“Next please! Name?” announces the change-room lady.

“Lana.”

“Number?” she asks.

“7.” 

“Okay, let me know if you need another size!” she offers. Another size? Oh my God, what if they don’t fit? The figure is now staring back from every direction, surrounding me in this suddenly claustrophobic space. Sharp edges poke through the figure’s frame. Tears well in my eyes.

Revolting.

I walk out of the room like everything went well, and smile at the lady as I hand her back the tight crop-tops and jeans. I keep the scarf; I buy the scarf. I like layers.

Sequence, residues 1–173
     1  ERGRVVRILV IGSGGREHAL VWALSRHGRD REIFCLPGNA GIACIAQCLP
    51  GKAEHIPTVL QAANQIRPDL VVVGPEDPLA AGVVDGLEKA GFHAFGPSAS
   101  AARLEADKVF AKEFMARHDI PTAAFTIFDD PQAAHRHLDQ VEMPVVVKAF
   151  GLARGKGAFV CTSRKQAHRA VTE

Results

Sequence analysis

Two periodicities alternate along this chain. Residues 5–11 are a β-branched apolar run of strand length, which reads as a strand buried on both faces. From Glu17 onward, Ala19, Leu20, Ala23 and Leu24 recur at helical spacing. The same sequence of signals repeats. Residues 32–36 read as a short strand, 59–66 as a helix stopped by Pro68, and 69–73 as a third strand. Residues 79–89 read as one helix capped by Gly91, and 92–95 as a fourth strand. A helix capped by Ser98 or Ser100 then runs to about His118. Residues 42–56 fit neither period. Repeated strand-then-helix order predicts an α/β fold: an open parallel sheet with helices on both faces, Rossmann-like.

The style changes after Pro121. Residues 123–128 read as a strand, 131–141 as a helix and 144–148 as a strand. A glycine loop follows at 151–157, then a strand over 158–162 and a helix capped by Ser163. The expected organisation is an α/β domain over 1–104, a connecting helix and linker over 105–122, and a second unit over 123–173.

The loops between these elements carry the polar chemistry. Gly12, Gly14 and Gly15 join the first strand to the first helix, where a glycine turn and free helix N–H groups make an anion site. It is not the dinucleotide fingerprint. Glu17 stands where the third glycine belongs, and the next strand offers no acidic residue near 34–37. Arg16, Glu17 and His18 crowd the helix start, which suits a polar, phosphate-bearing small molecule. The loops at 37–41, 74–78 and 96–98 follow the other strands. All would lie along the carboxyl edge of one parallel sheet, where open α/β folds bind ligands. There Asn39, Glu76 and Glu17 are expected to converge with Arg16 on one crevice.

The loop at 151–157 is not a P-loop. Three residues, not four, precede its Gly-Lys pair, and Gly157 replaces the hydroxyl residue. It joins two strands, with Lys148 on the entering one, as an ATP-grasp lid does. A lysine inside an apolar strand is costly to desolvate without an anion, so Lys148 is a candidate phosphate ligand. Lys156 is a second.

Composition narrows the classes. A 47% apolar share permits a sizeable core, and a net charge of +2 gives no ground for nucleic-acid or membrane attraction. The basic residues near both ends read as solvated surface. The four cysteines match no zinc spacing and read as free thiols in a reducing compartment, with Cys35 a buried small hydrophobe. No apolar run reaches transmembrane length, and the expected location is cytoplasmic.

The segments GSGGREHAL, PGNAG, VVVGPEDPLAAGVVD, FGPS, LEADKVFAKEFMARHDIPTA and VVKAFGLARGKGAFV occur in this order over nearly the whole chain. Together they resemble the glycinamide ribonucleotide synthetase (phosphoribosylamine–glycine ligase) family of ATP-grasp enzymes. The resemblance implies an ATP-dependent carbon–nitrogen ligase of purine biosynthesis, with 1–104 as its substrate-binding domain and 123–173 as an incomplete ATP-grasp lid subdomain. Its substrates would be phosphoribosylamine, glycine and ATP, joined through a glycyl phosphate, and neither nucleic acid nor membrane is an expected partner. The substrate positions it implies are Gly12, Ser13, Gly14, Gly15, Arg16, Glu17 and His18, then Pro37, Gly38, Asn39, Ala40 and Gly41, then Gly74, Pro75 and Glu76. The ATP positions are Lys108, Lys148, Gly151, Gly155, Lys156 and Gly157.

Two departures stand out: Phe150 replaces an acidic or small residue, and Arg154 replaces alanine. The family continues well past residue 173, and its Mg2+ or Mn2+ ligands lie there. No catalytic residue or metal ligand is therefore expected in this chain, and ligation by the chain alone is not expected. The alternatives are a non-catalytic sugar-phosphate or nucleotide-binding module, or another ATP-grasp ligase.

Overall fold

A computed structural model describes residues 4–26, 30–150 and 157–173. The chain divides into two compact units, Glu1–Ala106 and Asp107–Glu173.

I see the figure in every reflective surface, and while walking past the shops, I sneak a peek at it when I can. This one looks normal with her hair cascading down her back. The other’s hips are a little too curvy. Another has no ass at all. Dark blue circles are drawn under another one’s eyes. The voice in my head is loud, no matter which reflection I see.

Was the muffin really necessary?

Bad day:

The music of the party is loud. My hand is burning from my ice-cold can of carbonated water and lemon-flavoured vodka. My eyes linger on the bags of MSG and artificial flavours scattered around. Nope, no chips - the cooler already has extra calories that I shouldn’t be having. The tang of barbeque flavour lights up across my tongue anyways. My tongue’s memory is too good. It remembers back when ponytailed-me didn’t even realise the weight of thinking about everything you ate.